The replica of the Cherokee farm

The small farm replica is meant as a reminder of what life was for many Cherokee by the 1820s -- a generation after the tribe adopted so many aspects of white culture. However, there wasn't actually a farm here when Red Clay was the Cherokee capital.

As we said before, the Cherokee tribe had a culture completely different from the one settlers brought from Europe. But around 1800 members of the tribe began to assimilate their culture into white culture; to do away with the old ways and become farmers and tradesmen. No one personified this better than Sequoyah and the language he wrote.

Sequoyah was born in 1776 in the Cherokee town of Tuskegee, in present day Monroe County. His English name was George Gist; his Cherokee name Sequoyah. His father was a white fur trader and his mother a member of a prominent Cherokee family.

Sequoyah was raised in a manner typical of Cherokee children of that era, but he spent much of his youth exposed to white culture. For instance, he was trained as a blacksmith – certainly something that wasn’t a part of Cherokee culture. During the War of 1812 and the Creek War of 1813-14 he fought on the side of the Americans. Legend has it that he first got the idea to create an alphabet for the Cherokee people when he saw soldiers writing letters home during that war.

Convinced his people needed a language, Sequoyah spent several years creating one, coming up with new symbols for every sound in the Cherokee language. Legend has it that he first demonstrated his new written language to other Cherokees at a tribal meeting, with his daughter reading something that he had written.

Sequoyah’s new "talking leaves," as they were sometimes known, caught on so fast within the Cherokee nation that by the late 1820s it is believed that the literacy rate among Cherokees was higher than it was for whites who lived near them. Starting in 1828, the Cherokees even had their own newspaper, the Cherokee Phoenix, all written in the new language. However, Sequoyah’s language came too late to make any real impact on the sad fate that awaited the Cherokee nation.

Cherokee Newspaper "Phoenix" 1829

Forced Removal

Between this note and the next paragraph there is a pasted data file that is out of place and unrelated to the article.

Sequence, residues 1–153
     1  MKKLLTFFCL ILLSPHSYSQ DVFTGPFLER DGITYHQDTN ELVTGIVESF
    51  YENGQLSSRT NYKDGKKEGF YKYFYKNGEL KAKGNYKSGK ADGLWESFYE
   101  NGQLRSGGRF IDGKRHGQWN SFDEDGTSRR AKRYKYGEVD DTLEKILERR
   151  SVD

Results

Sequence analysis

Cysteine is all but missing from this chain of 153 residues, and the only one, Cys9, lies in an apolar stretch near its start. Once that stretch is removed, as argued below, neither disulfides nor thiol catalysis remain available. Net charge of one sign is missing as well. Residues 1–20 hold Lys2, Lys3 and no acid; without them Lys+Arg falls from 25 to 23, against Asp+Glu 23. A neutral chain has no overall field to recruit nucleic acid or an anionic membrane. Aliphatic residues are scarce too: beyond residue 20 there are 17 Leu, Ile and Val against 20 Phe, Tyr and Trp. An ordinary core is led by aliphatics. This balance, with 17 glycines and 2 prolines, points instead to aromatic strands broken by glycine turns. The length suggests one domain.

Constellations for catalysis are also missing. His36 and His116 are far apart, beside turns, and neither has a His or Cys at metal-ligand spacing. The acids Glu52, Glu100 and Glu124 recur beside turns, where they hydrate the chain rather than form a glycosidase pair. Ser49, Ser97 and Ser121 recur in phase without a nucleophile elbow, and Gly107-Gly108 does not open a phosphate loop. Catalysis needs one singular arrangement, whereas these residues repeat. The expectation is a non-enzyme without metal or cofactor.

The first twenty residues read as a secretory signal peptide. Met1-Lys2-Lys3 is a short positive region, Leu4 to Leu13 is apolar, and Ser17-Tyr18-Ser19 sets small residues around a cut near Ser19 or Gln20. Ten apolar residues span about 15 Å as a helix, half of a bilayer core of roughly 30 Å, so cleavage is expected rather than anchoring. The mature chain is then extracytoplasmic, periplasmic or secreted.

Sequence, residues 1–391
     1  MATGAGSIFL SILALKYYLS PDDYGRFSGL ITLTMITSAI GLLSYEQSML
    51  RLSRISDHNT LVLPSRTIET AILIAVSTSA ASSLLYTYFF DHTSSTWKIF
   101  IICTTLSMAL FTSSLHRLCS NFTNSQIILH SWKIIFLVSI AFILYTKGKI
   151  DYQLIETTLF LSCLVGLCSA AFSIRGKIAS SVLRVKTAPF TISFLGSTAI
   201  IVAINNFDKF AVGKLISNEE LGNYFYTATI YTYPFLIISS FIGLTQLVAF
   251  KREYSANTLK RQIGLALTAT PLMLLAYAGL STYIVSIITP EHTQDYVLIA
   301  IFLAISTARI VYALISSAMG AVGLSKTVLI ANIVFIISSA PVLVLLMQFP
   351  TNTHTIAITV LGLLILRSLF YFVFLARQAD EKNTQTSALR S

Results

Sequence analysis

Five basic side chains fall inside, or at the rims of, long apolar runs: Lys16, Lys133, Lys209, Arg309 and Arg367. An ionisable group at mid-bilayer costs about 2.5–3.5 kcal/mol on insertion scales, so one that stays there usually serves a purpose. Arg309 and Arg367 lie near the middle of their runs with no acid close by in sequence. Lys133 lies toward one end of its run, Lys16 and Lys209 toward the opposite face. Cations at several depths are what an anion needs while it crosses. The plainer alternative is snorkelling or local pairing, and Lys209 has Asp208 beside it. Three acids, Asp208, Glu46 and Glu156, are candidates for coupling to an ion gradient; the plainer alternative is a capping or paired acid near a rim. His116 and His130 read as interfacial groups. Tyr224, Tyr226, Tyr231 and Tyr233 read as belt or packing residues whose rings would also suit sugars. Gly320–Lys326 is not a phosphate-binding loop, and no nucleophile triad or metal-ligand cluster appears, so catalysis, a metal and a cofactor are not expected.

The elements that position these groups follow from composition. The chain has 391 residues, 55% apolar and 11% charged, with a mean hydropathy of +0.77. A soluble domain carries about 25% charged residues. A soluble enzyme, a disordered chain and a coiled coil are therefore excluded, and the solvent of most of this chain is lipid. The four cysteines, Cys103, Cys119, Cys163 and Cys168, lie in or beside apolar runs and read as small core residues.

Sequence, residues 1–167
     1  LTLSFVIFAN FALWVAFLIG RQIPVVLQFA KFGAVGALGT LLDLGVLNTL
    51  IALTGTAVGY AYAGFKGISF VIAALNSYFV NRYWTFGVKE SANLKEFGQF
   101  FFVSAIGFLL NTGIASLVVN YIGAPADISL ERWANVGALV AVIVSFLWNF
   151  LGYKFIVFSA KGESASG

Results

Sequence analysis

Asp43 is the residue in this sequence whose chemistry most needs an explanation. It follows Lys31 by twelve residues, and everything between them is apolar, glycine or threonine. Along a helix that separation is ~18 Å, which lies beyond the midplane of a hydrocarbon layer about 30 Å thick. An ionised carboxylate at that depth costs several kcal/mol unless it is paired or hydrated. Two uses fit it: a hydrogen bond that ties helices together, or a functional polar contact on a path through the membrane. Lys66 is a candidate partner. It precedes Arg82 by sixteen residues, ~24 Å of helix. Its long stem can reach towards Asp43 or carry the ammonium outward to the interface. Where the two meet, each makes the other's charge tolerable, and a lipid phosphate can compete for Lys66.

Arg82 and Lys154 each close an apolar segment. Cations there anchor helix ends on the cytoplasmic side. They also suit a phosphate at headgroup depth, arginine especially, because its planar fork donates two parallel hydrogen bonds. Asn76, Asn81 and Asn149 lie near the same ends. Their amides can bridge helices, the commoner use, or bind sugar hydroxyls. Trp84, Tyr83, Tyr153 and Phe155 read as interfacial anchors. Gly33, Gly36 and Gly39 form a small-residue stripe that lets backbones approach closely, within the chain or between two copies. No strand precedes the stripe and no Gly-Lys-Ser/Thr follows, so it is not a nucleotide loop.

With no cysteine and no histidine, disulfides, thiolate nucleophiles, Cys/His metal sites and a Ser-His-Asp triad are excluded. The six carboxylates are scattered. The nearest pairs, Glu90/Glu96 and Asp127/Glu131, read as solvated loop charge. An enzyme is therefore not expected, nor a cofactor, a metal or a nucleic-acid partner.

Some parts our history are painful to recount. The Trail of Tears is one of those parts.

When Tennessee first became a state, it consisted of about one-eighth of the land that it does today. Most of the rest of the land still belonged to the Native American tribes.

However, as the years passed, the American government purchased those lands from the Native Americans.

The biggest single purchase came in 1818, when Tennessee acquired its western third via the Chickasaw Purchase.

After that, the only part of Tennessee still left to Native Americans was the southeast part that was owned by the Cherokees. Meanwhile the Cherokees also still inhabited large parts of western North Carolina and northwest Georgia.

By this time many Cherokees had adapted white culture. The Cherokees were no longer on the warpath. Many Cherokees had large farms and sold their goods at market just like other farmers; while there were Cherokees working as blacksmiths, tailors, and other things. The Cherokees had largely adopted the Christian religion, and some of them had even fought on the American side in the war of 1812 and the Creek War of 1813-14. And, thanks to Sequoyah, the Cherokees now had a written language and their own newspaper.

This Tennessee map from 1821 shows land the Cherokees still possessed at that time.

Nevertheless, Americans still wanted all of the Cherokees’ land – call it greed if you must. Many leaders in and around Tennessee felt this way. One of them, Andrew Jackson, was elected president in 1828.

Jackson generally hated Native Americans, describing them as "immoral" and "wandering savages" – although he could be kind to them on an individual basis. He had fought against them many times – most notably at the Battle of Horseshoe Bend in present-day Alabama, when he led an army that defeated the Creeks.

The same year Jackson was elected, a Cherokee boy discovered gold in northwest Georgia – right in the middle of the Cherokee land. As soon as this happened, white prospectors (people looking to find gold) poured into the area. Some whites, hoping to run the Cherokees off of their land, began sneaking onto Cherokee country and plundering and burning homes in an attempt to run them off.